Archaeologists working near Edfu, a city in southern Egypt, fought back the rolling tide of modern development to preserve a rare archaeological site. And the effort has paid off: Beneath this heap of sand, at a site called Tell Edfu, researchers have uncovered a 4,600-year-old step pyramid — one of the earliest pyramids yet found.
The new find predates the more massive Great Pyramid of Giza by decades. It stands just 16 feet tall today, but it probably towered more than 40 feet before weathering and pillaging diminished its stature.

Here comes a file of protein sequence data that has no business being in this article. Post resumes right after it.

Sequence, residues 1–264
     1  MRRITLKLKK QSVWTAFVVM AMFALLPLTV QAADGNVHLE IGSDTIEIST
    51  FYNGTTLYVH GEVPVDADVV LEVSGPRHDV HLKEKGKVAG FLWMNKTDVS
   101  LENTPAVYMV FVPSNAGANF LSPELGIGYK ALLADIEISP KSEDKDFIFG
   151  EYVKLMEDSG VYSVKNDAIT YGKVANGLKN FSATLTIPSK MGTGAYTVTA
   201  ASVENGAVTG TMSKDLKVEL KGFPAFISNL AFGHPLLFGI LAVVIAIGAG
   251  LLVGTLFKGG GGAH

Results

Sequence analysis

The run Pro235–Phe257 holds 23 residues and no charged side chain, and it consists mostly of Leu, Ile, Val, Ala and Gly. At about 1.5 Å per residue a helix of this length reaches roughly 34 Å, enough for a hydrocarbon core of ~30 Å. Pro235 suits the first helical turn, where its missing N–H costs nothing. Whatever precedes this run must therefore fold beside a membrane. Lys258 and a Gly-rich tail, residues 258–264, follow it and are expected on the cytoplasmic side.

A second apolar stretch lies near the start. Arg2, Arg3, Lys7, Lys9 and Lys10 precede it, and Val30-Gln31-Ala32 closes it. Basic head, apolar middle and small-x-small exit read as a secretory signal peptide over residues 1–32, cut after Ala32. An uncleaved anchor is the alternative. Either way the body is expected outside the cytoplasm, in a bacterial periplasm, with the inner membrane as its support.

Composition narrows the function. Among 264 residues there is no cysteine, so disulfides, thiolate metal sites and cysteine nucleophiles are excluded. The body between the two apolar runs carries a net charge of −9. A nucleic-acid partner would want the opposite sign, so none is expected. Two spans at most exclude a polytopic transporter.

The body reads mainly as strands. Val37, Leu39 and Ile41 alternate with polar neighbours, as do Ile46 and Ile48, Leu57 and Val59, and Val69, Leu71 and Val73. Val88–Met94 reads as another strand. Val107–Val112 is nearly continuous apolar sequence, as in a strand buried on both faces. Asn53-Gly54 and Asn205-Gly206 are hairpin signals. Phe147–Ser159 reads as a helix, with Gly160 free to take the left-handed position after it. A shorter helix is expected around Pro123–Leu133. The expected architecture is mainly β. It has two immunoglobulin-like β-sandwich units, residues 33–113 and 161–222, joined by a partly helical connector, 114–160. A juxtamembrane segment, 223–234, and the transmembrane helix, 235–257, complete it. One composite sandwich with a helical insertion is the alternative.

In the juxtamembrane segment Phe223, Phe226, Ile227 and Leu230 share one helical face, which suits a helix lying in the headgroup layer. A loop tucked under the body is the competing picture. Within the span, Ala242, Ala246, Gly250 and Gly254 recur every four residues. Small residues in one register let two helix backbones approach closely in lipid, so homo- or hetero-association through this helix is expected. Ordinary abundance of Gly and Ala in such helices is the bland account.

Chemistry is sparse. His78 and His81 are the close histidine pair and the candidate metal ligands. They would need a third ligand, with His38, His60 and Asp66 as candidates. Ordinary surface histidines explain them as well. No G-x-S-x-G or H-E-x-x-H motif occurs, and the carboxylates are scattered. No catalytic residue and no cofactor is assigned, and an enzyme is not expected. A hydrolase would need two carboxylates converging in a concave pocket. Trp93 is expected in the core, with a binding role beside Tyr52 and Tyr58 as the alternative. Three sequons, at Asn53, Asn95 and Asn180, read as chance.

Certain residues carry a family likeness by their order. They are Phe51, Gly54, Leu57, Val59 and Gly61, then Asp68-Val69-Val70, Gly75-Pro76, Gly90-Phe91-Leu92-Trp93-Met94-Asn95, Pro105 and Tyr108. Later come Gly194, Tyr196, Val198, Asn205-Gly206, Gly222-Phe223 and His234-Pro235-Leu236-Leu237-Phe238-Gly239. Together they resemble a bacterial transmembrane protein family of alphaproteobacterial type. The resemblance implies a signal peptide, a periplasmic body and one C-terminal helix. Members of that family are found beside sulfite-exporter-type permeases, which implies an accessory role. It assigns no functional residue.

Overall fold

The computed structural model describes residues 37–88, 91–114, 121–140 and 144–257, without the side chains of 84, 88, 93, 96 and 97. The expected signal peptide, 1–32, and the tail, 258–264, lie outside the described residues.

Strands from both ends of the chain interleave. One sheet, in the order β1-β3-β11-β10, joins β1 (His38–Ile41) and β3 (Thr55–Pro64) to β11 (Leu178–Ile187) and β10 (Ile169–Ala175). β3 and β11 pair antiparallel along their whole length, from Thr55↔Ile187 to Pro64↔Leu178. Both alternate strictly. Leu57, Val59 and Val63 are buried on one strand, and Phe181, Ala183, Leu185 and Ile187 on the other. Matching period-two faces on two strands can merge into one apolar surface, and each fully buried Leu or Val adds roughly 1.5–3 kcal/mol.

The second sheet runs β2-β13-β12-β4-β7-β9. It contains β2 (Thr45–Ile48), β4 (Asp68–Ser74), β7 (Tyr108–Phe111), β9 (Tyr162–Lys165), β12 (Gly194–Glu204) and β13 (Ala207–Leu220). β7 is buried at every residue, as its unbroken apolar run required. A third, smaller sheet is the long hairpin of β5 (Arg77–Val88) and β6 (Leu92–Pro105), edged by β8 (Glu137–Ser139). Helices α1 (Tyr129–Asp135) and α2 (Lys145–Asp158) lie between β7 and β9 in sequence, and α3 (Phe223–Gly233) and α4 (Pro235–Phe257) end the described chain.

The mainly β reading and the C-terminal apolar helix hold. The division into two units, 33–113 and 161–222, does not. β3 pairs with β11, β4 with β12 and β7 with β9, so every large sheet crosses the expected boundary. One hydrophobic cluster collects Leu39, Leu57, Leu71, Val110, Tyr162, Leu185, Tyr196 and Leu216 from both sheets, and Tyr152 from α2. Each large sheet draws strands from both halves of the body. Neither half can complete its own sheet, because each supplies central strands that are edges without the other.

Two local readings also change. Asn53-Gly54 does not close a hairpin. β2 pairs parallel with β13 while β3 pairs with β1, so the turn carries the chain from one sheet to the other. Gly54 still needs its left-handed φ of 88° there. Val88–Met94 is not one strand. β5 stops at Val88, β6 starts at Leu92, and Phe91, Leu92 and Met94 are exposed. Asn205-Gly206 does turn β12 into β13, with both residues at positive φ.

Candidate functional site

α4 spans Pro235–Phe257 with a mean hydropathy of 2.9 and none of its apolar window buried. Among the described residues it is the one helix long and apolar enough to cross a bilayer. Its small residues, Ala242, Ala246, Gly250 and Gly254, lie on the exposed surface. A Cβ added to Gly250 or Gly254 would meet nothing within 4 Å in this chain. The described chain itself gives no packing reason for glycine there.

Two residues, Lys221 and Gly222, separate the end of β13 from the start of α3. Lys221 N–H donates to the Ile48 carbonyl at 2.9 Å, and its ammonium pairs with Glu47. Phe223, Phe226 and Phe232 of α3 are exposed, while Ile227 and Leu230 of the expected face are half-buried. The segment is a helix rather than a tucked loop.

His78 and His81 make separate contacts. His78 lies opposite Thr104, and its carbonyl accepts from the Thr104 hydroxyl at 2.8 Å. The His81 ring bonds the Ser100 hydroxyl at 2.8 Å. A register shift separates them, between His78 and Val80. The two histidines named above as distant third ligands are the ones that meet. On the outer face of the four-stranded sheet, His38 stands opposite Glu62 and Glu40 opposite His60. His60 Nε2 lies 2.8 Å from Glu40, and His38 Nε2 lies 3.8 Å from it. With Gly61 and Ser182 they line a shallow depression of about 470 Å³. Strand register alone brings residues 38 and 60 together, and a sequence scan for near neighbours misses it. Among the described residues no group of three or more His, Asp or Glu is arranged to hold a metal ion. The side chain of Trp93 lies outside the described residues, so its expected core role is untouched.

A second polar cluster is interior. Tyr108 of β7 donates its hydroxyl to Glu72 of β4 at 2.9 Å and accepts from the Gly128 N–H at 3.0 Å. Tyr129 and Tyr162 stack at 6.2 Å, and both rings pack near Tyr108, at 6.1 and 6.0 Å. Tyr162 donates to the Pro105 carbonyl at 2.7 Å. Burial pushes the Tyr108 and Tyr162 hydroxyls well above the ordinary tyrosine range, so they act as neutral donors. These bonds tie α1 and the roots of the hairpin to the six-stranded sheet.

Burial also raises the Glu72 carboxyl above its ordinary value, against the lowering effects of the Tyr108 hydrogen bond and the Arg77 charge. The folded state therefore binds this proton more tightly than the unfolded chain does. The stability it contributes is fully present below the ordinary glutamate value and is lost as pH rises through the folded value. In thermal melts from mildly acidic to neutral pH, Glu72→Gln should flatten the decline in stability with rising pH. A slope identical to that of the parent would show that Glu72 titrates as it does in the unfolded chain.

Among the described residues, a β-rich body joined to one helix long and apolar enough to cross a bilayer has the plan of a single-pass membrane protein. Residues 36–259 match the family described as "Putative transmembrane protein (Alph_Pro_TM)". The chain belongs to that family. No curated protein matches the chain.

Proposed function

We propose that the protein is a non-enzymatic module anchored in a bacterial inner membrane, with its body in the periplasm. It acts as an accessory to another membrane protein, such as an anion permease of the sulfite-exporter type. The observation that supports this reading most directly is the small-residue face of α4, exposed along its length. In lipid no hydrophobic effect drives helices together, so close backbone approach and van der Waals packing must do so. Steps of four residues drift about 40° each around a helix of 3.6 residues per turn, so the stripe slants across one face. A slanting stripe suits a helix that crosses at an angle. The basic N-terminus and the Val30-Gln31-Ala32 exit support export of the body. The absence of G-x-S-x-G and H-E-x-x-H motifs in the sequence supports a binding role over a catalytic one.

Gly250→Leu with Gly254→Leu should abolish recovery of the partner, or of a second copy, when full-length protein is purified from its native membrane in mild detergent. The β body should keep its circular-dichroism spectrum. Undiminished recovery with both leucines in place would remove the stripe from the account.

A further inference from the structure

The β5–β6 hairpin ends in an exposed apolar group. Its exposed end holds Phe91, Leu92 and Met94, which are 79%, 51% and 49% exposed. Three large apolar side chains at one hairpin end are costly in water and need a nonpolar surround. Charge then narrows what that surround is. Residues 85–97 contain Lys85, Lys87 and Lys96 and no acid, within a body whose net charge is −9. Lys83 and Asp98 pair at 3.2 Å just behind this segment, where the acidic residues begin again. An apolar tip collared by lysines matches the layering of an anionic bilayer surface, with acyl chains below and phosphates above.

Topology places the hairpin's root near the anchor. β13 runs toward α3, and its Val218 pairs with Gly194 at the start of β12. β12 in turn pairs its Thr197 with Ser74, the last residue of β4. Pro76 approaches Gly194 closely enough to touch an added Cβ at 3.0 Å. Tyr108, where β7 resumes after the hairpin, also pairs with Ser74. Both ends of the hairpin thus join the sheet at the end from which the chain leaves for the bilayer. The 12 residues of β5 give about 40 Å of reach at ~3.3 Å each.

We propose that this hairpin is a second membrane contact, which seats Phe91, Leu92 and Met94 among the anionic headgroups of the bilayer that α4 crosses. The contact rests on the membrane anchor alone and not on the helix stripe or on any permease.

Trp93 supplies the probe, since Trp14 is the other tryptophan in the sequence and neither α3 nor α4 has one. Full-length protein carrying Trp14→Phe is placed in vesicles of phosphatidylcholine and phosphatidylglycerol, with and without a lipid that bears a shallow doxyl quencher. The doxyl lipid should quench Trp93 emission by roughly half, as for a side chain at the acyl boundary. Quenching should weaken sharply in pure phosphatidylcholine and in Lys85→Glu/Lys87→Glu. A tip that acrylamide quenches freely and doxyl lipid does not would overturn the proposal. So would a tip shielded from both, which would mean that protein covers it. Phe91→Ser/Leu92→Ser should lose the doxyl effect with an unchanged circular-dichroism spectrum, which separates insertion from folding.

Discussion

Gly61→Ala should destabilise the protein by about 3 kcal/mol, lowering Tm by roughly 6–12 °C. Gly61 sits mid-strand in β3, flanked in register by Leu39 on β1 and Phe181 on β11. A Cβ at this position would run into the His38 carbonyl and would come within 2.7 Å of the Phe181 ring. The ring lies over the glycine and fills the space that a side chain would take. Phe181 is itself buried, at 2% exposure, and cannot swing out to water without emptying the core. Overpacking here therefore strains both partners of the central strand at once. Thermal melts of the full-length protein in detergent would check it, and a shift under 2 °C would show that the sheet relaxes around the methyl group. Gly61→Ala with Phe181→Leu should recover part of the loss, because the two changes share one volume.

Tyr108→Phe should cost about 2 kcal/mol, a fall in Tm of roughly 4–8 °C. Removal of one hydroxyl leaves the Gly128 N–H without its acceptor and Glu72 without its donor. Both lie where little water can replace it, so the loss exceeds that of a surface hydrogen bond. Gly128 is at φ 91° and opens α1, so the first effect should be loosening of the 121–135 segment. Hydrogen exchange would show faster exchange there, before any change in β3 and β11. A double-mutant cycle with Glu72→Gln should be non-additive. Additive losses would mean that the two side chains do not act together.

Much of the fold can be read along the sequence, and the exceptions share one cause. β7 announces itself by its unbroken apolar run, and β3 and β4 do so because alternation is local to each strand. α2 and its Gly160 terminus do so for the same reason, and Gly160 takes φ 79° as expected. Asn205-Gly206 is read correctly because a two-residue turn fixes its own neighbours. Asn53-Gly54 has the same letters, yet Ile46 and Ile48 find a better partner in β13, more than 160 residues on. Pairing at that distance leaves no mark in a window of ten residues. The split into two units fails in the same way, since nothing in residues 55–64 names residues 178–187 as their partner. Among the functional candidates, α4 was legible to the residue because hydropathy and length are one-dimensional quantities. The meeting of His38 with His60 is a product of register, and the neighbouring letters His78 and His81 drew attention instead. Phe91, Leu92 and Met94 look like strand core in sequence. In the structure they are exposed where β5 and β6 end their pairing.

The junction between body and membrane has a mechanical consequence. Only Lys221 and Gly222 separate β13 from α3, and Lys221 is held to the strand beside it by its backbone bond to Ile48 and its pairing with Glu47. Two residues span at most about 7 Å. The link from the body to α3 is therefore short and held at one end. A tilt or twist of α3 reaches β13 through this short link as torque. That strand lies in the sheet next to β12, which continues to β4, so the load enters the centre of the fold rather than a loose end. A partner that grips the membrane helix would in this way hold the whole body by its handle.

The structure is one of seven nearly identical “provincial” pyramids constructed by either the pharaoh Huni (reign ca. 2635-2610 B.C.) or Sneferu (reign ca. 2610-2590 B.C.). The provincial pyramids don’t contain burial chambers, and researchers think they may have been symbols reinforcing the power of the king in southern provinces. Via 4,600-Year-Old Pyramid Uncovered in Southern Egypt